We are grown now, both sixty, but all this recent loss has made us feel slightly adrift.  I think we will eventually be fine. We have each other and we were raised right.

Here is  a timeline for the life of Anna Donahue Costello, our Carnival of Genealogy entry for March 2010.  Annie’s life is on the left and major historical events that affected her life are on the right.  Please take the time to read Annie’s story .

Annie Donahue Costello   A Life

I bought my daughter a sheep for Christmas.  No, we don’t actually have a four legged baaing creature tethered in the back yard, but we do have an entire fleece from one sheep.  It arrived in a large box in all its multicolored, lanolin rich, greasy, smelly glory.

One snowy New England day Sara and I stayed home together and did women’s work.  Sara has been spinning and knitting and generally working with wool for years.  Now she is taking the process of turning a sheep into sweater one step further back. As Sara washed some of the wool and carded it I made several loaves of dark rye bread that we have come to call the tar baby.  Never have I worked with such sticky dough.  I added flour and kneaded and prodded and scrapped dough off of my hands and every surface it had been in contact with and then did it again and again and again.  Ultimately a shower, a complete change of clothing and a load of laundry were required and I won’t even tell you about the kitchen clean up.

At the end of a pleasant day together we had a fluffy pile of snow white wool ready to be spun into yarn, perhaps enough to make one sock, two delicious loaves of slightly sweet, chewy dark bread, and the certain knowledge that if we had been responsible for caring for a family on a farm in the 1880’s we would all be both naked and hungry.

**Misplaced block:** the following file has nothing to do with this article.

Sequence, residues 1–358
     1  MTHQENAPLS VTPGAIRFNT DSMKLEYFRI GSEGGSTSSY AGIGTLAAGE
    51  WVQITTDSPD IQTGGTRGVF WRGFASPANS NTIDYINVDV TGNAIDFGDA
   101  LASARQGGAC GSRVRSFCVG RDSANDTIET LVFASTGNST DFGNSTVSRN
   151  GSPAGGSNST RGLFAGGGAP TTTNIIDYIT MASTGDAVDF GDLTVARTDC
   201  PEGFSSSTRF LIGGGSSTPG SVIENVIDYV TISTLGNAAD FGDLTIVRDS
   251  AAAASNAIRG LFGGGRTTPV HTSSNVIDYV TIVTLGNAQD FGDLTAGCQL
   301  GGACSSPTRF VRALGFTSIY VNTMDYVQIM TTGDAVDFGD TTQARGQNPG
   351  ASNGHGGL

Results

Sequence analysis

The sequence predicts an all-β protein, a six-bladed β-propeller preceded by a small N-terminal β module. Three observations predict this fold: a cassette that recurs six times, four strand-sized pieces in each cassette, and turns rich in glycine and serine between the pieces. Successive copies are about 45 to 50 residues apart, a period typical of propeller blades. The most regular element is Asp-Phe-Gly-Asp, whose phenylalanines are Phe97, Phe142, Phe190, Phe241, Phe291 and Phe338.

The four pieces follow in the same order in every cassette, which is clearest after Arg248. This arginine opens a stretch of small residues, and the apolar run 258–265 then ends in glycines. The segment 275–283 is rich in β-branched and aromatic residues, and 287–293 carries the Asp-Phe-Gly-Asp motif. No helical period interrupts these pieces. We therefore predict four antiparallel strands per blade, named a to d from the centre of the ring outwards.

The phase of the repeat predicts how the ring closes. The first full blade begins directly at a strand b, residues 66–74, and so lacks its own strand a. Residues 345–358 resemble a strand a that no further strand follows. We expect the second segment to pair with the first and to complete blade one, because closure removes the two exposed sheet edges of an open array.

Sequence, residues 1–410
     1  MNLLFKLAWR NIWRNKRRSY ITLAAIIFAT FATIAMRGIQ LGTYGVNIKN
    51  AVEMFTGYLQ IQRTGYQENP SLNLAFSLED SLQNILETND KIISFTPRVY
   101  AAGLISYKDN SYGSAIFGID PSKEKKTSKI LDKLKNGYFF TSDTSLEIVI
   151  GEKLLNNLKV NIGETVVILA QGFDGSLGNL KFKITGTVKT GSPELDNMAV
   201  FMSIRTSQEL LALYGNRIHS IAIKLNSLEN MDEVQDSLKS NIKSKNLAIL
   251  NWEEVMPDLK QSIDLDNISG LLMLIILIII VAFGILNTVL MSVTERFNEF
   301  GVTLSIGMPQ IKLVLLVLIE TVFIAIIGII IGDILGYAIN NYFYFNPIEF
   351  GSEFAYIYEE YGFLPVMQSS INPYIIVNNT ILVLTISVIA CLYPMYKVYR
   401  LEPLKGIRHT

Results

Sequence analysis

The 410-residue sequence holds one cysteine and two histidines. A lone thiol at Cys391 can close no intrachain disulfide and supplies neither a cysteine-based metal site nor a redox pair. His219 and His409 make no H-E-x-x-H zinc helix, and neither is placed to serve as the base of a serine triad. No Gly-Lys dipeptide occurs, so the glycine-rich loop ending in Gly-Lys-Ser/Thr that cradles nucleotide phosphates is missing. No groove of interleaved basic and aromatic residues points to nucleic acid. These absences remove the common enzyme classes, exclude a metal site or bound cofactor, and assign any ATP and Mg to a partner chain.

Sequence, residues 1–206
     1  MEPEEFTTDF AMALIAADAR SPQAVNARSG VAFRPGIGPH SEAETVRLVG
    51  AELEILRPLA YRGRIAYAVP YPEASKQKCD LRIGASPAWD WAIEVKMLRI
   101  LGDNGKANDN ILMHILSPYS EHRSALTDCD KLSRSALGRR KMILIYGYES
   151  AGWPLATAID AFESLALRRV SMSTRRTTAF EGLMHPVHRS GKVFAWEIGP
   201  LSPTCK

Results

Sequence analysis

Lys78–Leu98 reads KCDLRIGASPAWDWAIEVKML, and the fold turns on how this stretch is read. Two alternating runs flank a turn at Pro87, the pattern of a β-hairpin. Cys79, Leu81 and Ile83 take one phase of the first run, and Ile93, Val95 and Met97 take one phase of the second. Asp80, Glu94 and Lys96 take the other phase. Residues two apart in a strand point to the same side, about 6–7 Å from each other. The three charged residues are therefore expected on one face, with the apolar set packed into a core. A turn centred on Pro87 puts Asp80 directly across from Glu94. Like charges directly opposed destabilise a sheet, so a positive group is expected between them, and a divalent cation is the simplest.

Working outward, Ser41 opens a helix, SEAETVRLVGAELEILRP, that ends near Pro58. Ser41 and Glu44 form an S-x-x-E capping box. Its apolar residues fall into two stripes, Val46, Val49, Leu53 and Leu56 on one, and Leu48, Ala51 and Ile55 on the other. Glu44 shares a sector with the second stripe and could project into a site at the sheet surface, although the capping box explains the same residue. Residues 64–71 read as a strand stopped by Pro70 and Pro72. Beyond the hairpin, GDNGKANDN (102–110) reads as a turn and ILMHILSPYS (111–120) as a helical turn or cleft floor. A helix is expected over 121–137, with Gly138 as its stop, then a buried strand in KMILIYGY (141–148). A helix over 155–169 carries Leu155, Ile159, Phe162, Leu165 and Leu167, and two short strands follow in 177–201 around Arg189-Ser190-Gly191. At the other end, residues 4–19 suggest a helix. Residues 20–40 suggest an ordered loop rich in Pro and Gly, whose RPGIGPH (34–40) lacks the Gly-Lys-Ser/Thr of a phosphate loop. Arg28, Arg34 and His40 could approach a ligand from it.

The sheer volume of work those women did is staggering and our relaxed day of craftiness in our centrally heated home complete with stand mixer, dish washer and washing machine certainly made me appreciate it.

If you are still reading by now you are probably saying to yourself, “I thought this was a genealogy blog.”  It is, and all this domestic bliss put me in mind of our ancestor, Annie Costello, and her story. Credit for the research for much of this story goes to our cousin Dick who has worked on the family genealogy for years.

Follow the link to see a timeline of Annie’s life and the events that surrounded and informed it.

Anna Donahue Costello was born in 1841 in Belfast, Ireland, the daughter of Felix Donahue and Kate McCrystal.  Family lore says that she emigrated to the U.S. with her brother Felix about 1850, stopping in Boston or New York and then coming “round the horn” to San Francisco as a teenager.  The family stories tell us that Annie worked as a domestic for a survivor of the infamous Donner Party.  I have no direct evidence of Annie’s arrived in San Francisco or of her employment there, but somehow she met John Costello and married him in San Jose in 1867.